The stories nationwide about front-facing workers, or those who work with others in close proximity, losing their lives to coronavirus are, unfortunately, numerous, especially those in the health care field, such as doctors and nurses.

But even away from the hospital, there was Annie Grant, a 55-year-old Black female, who worked for more than 15 years at a Tyson Foods meat plant in Georgia. She worked side-by-side with others at the meat plant, and on April 2, she died from complications of coronavirus.

Leilani Jordan, a Black female who was just 27 years old, worked at a grocery store in Maryland, where it’s believed she contracted coronavirus. She died on April 1.

Wando Evans, a 51-year-old Black male, worked at a Walmart in Illinois for 15 years. He fell ill on March 23 and died two days later from COVID-19. His family has since filed a wrongful death lawsuit against Walmart.

“For weeks, my brother and his co-workers worked at Walmart without masks or gloves while thousands of customers came in every day. There was no enforced social distancing at the time and inadequate paid leave to make sure people weren’t going to work sick,” said Evans’ sister, Angela McMiller, in a statement.

“The Centers for Disease Control (CDC) has designated Walmart stores as ‘high-volume retailers,’ making them responsible for taking additional precautions to protect employees and customers from the spread of COVID-19,” Tony Kalogerakos, the Evans’ family attorney, said in a statement.

“At a minimum, they were responsible for notifying store workers that a colleague had symptoms consistent with COVID-19, providing their employees personal protective equipment such as masks and latex gloves, implementing social distancing, and sending exposed employees home until cleared by medical professionals.”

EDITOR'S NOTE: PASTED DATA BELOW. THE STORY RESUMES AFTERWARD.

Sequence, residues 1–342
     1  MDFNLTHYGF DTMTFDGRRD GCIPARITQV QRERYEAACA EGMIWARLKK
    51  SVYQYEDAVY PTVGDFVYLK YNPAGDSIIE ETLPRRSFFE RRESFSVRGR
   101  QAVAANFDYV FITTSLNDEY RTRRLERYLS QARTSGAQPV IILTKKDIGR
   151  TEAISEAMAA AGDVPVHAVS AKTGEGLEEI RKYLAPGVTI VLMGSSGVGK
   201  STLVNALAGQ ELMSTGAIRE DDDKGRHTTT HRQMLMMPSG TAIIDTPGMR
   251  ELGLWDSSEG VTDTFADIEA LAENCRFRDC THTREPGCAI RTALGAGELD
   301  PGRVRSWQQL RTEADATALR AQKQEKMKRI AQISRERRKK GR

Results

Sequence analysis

A co-worker of Evans died from coronavirus a few days later.

Of the more than 20 deaths in Allegheny County due to coronavirus, there’s been no mention publicly on if any of the deaths were people who had been working a front-facing job.

Noah Posey works at GetGo in Wilkinsburg. He interacts with customers every time he’s on the clock. He’s happy he’s still working, but says, “our money is deserved right now,” given the risks.

Giant Eagle, which owns the GetGo stores, has announced at least five employees across the region who’ve tested positive for coronavirus.

For Wilkinsburg resident Kellee McFadden, she’s “happy to work, I still have an income, a lot of people don’t, but I’m nervous,” she said.

McFadden, a home health aide, travels from Wilkinsburg to Avalon and must take the PAT Bus to get there. “A lot of the time, coming home, you can’t social distance because the bus is too crowded. So I just keep my gloves, change my gloves on and off and keep my sanitizer, and that’s all I can do,” she told the Courier.

She’s happy for the bus drivers, that they still have an income. For at least three drivers, however, it was announced by the Port Authority that they had tested positive for coronavirus.

Keeping both the drivers and the public safe is the driving force behind the Port Authority’s recent action to limit passengers on its buses. No more than 10 riders will be permitted on a 35-foot bus at one time; 15 riders maximum on a 40-foot bus; and 25 riders maximum on a 60-foot articulated bus or light rail vehicle. The Port Authority said in a statement that drivers have been instructed not to pick up new passengers until others exit the bus.

“First and foremost, we’re asking riders who don’t have to be on our vehicles to stay home,” said Port Authority CEO Katharine Kelleman in an April 9 statement. “There are a lot of essential workers keeping our region going right now and it’s important that they have a seat. Please stay off transit unless you’re heading to or from an essential job, or you’re traveling to the grocery store or pharmacy.”

McFadden, who has no choice but to ride the bus to get to work, concurs. “People need to stay home,” she told the Courier. “I wish I could stay home and still have an income, but I don’t get that luxury. People feel like they’re suffering because they have to stay home, when all in all, it’s saving your life.”